Leveled-out ferries save sizable amount of fuel

OLYMPIA — Fuel use on two of Washington’s newer ferries is down since the state poured tons of ballast into the 64-car vessels to prevent them from leaning when empty.

And it’s adding up to thousands of dollars in savings for Washington State Ferries, whose leaders for months resisted political and public pressure to level out the boats.

Vessels in the Kwa-di Tabil class used an average of 71.7 gallons per hour in the last six months of 2013. That’s down from 83.7 gallons per hour in the same period in 2012, according to figures from the Washington State Ferries.

The 14 percent drop over a six-month stretch worked out to approximately $233,000 in savings, according to Deputy Chief Jean Baker.

“I think over the life of the vessel we’re talking tens of millions of dollars potentially in savings,” said Rep. Norma Smith, R-Clinton. “Is that significant? Absolutely.”

The figures for fuel use cover all three boats in the class — the Salish, the Kennewick and the Chetzemoka.

But officials attribute the bulk of the decline to the Salish and Kennewick, which each started burning less fuel immediately after getting weighted down with ballast last year to overcome a design feature that purposely caused them to list.

In April 2013, the state added 72.5 tons of granular steel shot to the Salish to erase its lean. Six months later, it did similar work on the Kennewick. Work on the Chetzemoka is slated this year.

Smith began in early 2012 pressing ferry officials to take steps to level the boats. Aside from the awkward way it looked, she questioned whether the boats vibrated more because of it, and therefore might not last as long.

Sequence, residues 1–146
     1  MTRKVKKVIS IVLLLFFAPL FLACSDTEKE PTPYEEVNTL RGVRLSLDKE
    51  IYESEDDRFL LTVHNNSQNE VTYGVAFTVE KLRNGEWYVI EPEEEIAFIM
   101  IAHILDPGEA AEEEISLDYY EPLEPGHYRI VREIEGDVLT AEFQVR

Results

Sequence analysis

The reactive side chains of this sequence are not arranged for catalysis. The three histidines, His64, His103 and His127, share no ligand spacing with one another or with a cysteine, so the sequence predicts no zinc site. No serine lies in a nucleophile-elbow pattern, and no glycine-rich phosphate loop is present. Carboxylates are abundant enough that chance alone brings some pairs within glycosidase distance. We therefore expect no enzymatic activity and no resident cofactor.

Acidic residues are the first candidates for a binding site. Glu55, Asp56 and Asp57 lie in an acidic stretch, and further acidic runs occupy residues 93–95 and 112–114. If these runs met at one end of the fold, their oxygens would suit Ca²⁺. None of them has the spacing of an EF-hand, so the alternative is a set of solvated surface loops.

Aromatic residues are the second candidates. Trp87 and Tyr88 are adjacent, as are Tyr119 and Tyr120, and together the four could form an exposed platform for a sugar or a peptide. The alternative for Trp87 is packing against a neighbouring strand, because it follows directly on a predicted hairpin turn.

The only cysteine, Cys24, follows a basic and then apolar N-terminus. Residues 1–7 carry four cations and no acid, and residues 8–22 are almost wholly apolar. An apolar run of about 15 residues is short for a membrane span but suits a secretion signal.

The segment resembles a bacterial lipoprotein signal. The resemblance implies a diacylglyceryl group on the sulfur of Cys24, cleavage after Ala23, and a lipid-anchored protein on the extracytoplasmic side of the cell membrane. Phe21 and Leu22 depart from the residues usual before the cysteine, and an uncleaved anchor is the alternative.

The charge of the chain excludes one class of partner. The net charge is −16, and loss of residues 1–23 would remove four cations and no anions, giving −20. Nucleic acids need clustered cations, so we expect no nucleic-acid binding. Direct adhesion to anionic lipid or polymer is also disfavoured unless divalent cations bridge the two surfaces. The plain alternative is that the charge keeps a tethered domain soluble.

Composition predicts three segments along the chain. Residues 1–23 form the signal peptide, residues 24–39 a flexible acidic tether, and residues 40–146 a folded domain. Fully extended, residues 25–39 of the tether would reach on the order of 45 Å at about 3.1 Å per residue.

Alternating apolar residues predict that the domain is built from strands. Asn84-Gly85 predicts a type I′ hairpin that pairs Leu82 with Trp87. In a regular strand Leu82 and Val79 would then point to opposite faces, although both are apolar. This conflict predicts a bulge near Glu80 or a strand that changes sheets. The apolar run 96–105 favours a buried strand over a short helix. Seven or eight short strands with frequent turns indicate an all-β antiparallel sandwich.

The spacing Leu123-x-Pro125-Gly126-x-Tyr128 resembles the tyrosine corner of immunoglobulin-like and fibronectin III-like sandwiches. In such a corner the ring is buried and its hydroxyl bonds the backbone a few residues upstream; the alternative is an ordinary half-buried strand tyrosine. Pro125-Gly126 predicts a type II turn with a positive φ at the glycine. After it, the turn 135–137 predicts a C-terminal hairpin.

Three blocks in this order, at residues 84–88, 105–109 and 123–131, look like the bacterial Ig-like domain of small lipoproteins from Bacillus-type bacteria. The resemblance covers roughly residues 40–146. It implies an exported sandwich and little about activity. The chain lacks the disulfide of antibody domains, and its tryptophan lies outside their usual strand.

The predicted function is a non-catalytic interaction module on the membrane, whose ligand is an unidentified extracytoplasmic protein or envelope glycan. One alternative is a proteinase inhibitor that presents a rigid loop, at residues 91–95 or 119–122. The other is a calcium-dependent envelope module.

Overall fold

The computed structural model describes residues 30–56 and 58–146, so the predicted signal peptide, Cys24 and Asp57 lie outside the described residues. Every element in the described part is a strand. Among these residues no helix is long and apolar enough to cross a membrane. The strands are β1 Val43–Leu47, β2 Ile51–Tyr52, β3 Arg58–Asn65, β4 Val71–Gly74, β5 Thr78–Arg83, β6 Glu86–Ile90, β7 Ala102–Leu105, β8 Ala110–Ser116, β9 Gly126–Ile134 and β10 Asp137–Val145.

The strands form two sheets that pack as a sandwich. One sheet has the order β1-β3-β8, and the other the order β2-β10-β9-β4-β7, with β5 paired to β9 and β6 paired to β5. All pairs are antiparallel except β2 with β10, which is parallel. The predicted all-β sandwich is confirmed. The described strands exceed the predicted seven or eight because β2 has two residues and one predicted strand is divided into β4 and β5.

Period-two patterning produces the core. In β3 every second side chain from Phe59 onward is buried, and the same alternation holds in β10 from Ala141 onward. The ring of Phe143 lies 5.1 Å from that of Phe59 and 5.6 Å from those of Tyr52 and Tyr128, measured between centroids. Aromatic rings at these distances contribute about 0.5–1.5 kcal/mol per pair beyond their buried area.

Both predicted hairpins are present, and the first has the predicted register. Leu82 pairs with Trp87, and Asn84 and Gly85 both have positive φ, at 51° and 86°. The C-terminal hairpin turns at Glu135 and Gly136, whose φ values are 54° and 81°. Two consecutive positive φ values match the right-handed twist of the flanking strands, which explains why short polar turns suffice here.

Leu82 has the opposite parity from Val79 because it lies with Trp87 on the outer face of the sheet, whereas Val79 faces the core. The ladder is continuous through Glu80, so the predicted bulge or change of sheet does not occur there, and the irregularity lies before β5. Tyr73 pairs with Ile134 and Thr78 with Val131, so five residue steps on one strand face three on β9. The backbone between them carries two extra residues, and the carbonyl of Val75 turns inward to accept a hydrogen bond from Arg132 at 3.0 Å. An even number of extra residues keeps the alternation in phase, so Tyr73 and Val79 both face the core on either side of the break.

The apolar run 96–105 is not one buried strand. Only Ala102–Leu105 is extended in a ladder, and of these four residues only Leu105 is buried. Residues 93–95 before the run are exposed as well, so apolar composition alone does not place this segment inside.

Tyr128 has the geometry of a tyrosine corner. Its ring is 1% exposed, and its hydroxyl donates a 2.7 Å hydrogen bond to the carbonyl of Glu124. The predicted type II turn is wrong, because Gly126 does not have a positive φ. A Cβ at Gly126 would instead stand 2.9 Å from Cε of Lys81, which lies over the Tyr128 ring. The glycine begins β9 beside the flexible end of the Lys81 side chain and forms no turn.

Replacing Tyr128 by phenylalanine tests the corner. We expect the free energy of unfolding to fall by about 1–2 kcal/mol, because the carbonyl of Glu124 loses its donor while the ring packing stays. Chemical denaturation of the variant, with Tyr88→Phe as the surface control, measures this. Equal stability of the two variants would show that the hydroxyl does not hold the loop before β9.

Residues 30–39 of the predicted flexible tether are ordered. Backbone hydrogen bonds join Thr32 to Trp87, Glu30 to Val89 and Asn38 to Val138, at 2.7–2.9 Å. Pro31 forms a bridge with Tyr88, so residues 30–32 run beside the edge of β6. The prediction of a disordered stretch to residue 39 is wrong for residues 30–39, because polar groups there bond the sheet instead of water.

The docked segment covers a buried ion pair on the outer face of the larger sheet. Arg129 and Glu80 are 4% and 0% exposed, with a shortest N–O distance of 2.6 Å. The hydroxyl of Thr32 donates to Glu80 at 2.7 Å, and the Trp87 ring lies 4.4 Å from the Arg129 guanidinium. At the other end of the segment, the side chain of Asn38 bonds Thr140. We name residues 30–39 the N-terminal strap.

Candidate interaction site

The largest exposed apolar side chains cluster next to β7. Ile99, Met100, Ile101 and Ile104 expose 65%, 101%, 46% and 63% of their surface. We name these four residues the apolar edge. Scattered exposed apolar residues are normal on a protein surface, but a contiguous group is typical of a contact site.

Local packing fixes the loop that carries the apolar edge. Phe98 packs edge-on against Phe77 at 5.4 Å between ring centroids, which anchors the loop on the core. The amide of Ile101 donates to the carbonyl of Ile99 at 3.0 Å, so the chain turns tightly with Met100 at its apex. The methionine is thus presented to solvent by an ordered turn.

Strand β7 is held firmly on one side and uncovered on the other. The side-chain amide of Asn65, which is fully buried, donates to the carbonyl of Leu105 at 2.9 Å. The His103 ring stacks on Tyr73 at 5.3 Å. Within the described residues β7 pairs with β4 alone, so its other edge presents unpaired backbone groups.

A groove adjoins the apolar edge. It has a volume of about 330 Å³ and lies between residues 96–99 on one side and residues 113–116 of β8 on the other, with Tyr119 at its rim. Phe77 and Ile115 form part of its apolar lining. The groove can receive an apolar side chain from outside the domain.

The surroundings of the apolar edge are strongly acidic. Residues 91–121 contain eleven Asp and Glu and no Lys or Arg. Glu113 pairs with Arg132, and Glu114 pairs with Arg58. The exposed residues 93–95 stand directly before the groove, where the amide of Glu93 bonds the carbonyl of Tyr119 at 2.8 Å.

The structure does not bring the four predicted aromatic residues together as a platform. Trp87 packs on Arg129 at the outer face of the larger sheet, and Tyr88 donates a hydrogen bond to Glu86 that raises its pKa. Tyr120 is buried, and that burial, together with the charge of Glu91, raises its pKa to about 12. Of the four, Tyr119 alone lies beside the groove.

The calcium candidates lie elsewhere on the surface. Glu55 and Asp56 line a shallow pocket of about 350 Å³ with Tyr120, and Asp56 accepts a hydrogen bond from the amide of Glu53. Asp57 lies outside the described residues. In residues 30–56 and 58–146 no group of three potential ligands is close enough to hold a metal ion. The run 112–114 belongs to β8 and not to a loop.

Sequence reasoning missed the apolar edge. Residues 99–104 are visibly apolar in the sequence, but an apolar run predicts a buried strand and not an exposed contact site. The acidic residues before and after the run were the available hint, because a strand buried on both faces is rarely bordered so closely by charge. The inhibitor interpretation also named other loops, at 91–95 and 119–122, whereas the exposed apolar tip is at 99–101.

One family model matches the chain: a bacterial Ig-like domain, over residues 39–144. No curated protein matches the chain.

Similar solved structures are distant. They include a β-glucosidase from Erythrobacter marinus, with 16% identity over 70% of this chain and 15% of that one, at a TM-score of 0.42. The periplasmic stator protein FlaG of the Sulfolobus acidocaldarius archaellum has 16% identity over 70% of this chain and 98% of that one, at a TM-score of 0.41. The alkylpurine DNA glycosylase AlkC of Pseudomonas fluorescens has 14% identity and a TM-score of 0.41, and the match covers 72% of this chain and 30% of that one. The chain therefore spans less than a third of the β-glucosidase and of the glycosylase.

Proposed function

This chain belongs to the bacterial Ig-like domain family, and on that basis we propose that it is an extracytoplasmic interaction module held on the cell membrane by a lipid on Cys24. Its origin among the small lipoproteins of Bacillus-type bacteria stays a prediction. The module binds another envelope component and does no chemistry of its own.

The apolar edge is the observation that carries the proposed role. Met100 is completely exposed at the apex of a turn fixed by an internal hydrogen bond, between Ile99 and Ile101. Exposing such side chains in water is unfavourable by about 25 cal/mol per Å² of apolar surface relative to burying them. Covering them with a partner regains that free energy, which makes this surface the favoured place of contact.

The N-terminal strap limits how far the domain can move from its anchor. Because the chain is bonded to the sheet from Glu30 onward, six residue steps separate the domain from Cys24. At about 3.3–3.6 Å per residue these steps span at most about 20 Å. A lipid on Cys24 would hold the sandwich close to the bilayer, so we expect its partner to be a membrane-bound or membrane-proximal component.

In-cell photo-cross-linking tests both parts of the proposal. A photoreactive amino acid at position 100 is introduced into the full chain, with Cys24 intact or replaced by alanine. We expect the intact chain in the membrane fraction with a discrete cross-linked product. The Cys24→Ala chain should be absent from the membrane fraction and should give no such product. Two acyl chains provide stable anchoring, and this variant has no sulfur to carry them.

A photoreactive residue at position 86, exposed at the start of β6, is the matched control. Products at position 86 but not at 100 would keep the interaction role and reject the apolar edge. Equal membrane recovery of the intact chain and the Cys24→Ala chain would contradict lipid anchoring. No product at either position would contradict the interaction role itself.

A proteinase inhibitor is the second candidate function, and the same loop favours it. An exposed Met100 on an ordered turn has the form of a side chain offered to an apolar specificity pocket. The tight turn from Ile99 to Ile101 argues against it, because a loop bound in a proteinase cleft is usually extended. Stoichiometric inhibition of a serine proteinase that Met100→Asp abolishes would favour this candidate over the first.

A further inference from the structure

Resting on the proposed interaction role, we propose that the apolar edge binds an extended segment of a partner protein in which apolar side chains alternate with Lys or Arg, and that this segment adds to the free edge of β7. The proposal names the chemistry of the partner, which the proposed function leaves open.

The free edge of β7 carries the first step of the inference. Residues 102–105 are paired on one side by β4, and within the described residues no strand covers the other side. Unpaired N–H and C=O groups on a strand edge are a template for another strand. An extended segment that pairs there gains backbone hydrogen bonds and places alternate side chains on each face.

For months, state ferries chief David Moseley resisted. He said there was no indication the boats vibrated more or would be less durable because of the design. Eventually he relented.

Once the work got under way Moseley said adding weight and pushing the propellers a couple of inches deeper into the water could improve fuel efficiency and operability of the vessels, which traverse the rough waters of Admiralty Inlet between Port Townsend and Coupeville.

“I thought it was possible. We’re pleased,” Moseley said. “I think the ballast work and the fact that the boats sit a little lower in the water is probably one of the contributing factors.”

Moseley declined to answer if the magnitude of the savings gives him pause about not doing the renovations earlier.

Smith was not reticent.

“Very early on in the operation of the vessels both the crew and the public expressed concerns,” she said. “Had those concerns been heeded sooner I think more savings and operational efficiencies could have been realized sooner.”

Rep. Larry Seaquist, D-Gig Harbor, who also pushed to add the ballast, said it’s worked out better than he anticipated.

The savings proves the boats should not have been built with a list in the first place. Part of the problem is ferry system staff helped design the class of boats and had too big a stake in it, he said.

He’s written legislation aimed at getting an independent party to oversee ferry construction contracts and reduce the role of ferry employees in designing boats. It passed the House and is awaiting consideration in the Senate.

“This is exactly the mistake of letting the ferry system do the in-house design that the bill is intended to prevent,” he said.

Jerry Cornfield: 360-352-8623; jcornfield@heraldnet.com

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